Credit to Author: Steven Meurrens| Date: Thu, 26 Mar 2020 15:22:22 +0000
Does your profession or occupation feature in this list?
Generally, in order to hire a worker from abroad, a Canadian company will have to first demonstrate that there is a labour shortage for the position. To do this, the company will need to recruit for four weeks in prescribed locations with specific information in the job advertisements, invite potentially qualified Canadian candidates to apply for the position, and provide a spreadsheet to the Department of Employment and Social Development Canada demonstrating that no qualified Canadians applied for the position. Afterwards, they will be interviewed by the government to confirm why they could not recruit any qualified Canadians.
The process, called a Labour Market Impact Assessment (LMIA), can be cumbersome, and it is a deterrent for many employers from hiring foreign workers.
There are many exemptions to the LMIA process including in the case of international graduates, youth exchanges, Francophone employees, provincial nominees, people who qualify under free trade agreements and spouses of skilled workers. As well, certain professions and occupations are exempt from the LMIA. Here are a few.
Religious workers do not need LMIAs to work in Canada. In order to qualify, a foreign national must be providing religious instruction, promoting a particular faith, advancing the spiritual teachings of a religious faith or maintaining the doctrines and spiritual observances on which those teachings are based.
Simply being employed by a Canadian religious organization is not sufficient. For example, a church accountant or gardener would not qualify for a LMIA exemption. However, a Kosher chef or Gatka instructor would.
The charitable worker category is somewhat broader than the religious worker category, although it is less well known. To qualify, the work that a foreign national will perform in Canada must be of a charitable nature. While being a Canada Revenue Agency registered charity is not a requirement, it is helpful, and being a not-for-profit organization is typically a must.
Work that is of a charitable nature or purpose is work which contributes to the relief of poverty, advancement of education, advancement of religion or other certain purposes that benefit the community. Examples of the latter include the promotion of health, advancing the public’s appreciation of the arts, protecting the environment, promoting the welfare of animals, reliving conditions attributable to being aged, relieving conditions associated with disability, providing public amenities, protecting and preserving significant heritage sites and promoting commerce or industry.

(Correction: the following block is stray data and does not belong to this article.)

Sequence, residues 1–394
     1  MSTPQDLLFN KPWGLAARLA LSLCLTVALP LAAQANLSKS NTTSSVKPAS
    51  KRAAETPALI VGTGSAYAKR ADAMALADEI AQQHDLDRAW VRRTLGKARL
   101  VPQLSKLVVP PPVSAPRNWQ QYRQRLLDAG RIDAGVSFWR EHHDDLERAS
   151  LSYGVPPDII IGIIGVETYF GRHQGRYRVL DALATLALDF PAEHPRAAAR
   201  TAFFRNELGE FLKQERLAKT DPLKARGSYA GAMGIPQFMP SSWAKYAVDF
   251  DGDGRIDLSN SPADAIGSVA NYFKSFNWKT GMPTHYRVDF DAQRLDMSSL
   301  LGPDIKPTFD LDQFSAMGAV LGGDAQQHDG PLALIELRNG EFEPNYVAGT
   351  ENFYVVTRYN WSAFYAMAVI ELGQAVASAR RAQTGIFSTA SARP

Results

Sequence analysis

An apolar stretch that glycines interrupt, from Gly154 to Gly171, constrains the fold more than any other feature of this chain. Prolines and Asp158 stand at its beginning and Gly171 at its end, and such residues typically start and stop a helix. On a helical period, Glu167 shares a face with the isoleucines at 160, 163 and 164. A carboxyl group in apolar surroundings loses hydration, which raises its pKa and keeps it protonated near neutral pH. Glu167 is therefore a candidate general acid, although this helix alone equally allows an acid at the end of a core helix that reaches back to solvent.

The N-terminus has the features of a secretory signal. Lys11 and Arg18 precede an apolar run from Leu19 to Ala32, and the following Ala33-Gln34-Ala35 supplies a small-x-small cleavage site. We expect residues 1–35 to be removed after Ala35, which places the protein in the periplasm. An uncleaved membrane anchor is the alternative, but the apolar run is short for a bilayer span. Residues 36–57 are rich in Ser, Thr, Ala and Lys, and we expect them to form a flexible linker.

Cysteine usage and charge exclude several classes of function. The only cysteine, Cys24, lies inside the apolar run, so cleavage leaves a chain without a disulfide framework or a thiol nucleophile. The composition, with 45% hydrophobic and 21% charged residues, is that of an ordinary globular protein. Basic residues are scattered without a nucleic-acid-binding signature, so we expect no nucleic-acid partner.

It is common for employers of workers performing the above charitable workers to apply for LMIAs. However, it is also completely unnecessary.
Television and film production worker
Another category that is surprisingly under-utilized is television and film production workers. This category is not limited to actors and actresses. Anyone whose work is essential to the making of a film or television production in Canada can qualify, including camerapersons, graphic designers, set designers, etc.
Finally, anyone whose work would result in a significant benefit can get a work permit without a LMIA. This is a highly discretionary category, and such permits are typically issued where the balance of practical considerations argues for the issuance of a work permit in a time frame shorter than would be necessary to obtain a LMIA. To qualify, a person must show that the social, cultural or economic benefits to Canada of issuing the work permit are so clear and compelling that the importance of the LMIA can be overcome.
It is always frustrating to meet individuals whose ability to work in Canada has been delayed or cancelled because of LMIA issues when those individuals never needed a LMIA in the first place. All companies should consider whether they qualify for an exemption before starting the LMIA process.